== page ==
White flames surrounded Brogan’s extended arm. He turned toward us hurling a ball of white flame at great speed. I heard a click. Everything froze. It was if time itself had stopped. Still under my father’s arm, he ran to the entrance of the panic room. Time seemed to catch up as I saw the white flame previously aimed at us hit the wall, burning through it. My father dropped me and quickly rushed to slam the door shut. Before the door closed, a white ball of flame burned through my father’s chest. As the door shut, the white flames vanished, but my father’s seared wound remained.
He coughed gasping for air.
“Open this door, Watchmaker.” I was shaken by the sound of loud banging on the door and walls to the panic room. I looked up at the monitors. Brogan was hurling balls of white fire at the door, but making no progress. The Eye of Providence which hung above the door was glowing on the camera feed. However, this must have escaped the Druid’s attention as he paid it no concern.
My father’s coughing settled and wheezing took its place, “Mijo.”
Frantic, I looked back at my father. In his right hand, he held pocketwatch. The cover was not that impressive. It was a gold watch that displayed, what I learned later, an image of the Eye of Ra etched on its surface.
He grabbed my hand placed the watch within it. “La Mano de los Segundos. Asegure esto con tu vida,” he said.
At that time, I didn’t understand why my father would tell me to guard a watch. However, I didn’t give it much thought. My father was dying before my eyes, and I wanted to do anything to stop that. I ran to the first aid kit and opened the lid. There were a few bandages. I opened them and tried to bandage the hole in my father’s chest. It did no good.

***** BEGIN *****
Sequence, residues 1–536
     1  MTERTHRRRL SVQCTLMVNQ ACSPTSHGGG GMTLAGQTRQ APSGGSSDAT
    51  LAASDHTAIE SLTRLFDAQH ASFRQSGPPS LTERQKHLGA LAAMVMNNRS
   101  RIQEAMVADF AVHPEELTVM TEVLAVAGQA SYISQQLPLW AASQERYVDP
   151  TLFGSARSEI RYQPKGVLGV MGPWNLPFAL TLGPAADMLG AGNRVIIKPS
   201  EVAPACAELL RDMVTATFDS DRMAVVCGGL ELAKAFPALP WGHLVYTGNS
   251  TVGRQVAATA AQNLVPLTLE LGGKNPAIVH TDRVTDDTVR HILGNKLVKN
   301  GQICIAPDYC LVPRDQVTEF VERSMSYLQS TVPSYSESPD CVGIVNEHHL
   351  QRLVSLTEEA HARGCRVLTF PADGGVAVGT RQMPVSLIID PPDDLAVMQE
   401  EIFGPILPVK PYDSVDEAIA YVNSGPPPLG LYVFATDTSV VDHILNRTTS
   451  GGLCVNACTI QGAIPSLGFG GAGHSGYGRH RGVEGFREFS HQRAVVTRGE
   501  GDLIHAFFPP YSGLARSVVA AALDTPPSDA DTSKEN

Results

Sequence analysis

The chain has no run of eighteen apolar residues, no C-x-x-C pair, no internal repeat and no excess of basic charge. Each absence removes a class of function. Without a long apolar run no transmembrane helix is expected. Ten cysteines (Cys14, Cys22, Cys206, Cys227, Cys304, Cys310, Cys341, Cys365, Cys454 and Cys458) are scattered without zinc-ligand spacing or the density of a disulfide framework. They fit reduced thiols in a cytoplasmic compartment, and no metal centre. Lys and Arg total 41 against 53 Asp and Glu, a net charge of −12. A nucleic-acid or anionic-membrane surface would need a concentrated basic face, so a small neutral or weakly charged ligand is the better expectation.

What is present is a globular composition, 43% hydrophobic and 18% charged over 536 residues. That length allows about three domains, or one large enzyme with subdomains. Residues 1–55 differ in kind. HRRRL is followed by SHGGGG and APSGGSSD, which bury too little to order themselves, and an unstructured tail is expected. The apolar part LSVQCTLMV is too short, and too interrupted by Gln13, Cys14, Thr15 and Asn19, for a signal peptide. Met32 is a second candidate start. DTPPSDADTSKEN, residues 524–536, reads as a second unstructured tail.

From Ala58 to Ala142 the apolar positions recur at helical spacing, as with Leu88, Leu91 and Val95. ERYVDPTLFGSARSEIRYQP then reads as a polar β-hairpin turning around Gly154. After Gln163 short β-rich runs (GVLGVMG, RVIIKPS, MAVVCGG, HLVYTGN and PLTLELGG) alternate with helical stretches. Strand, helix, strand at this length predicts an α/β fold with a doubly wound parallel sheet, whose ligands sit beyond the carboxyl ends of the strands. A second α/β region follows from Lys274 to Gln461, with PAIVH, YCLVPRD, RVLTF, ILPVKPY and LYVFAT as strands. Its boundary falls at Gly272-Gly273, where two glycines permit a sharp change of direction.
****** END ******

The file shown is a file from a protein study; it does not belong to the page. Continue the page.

He grabbed my hand. The wheezing continued. He reached into his pocket, pulled out a cell phone, and dialed a number, but lacked the strength to lift the phone to his ear. “Lo siento, mijo.” The phone slid from his hands and dropped to the floor and his body followed.”
The pounding of flames against the wall persisted.
“Dad? Dad, wake up.” I shook my father’s arm as hard as I could. He wouldn’t wake up. I grabbed the phone from the ground. “Help! Please! Help! He’s not waking up!”
“Stay put. I’m on my way,” a calm voice said before hanging up.
I didn’t know who it was. I didn’t care. I dropped the phone, closed my eyes, and held my father with all of my strength: wishing he would hold me back, but knowing that he wouldn’t. The pounding, still present, caused me to flinch with every occurrence. At some point, my body, exhausted from the day’s events demanded rest. I fell asleep.
I have no memory of when pounding stopped. However, the bell rang above the store’s entrance prompting me to open my eyes and check the security monitors. Brogan was nowhere to be found.
Another man, very different from the Druid, entered the shop just beyond the doorway and stopped surveying the damaged area. He looked up at the Eye of Providence before pulling out a cell phone, dialing a number, and placing it to his ear.
The cell phone which lay on the ground in the panic room, rang. “Hell…hello?” I said.
“You’re safe now. I’m coming in,” the man said.
Before I could remove the phone from my ear, brown sand filled the room seeping through the seams around the door. It gathered in one spot near my dead father and quickly formed the shape of a man. It became flesh and knelt at my father’s side. A Druid with white flames, a dead father, and a man made of sand: I was too traumatized to be shocked. I lowered the phone.
“I’m sorry, friend,” the man said placing his hand on my father’s shoulder. He removed his hand and then turned to look at me. “Do you have it? La Mano de los Segundos?”
I removed the timepiece from my pocket and showed it to him.
He nodded. “David, I know you don’t understand what’s going on. Nevertheless, it now falls to you to protect the timepiece. My name is Rasool. We need to leave here. I need you to come with me.”
All the fear that had previously taken hold of me subsided. I looked at my father, and then I looked at the pocket watch in my hands. Finally, I turned my gaze to Rasool. “Do you know the man with the white fire?”
“His name is Brogan. He…,” Rasool said.
“Will you help me?” I interrupted.
“Help you what?” Rasool asked.
“Will you help me kill the man with the white fire? Help me to kill Brogan.”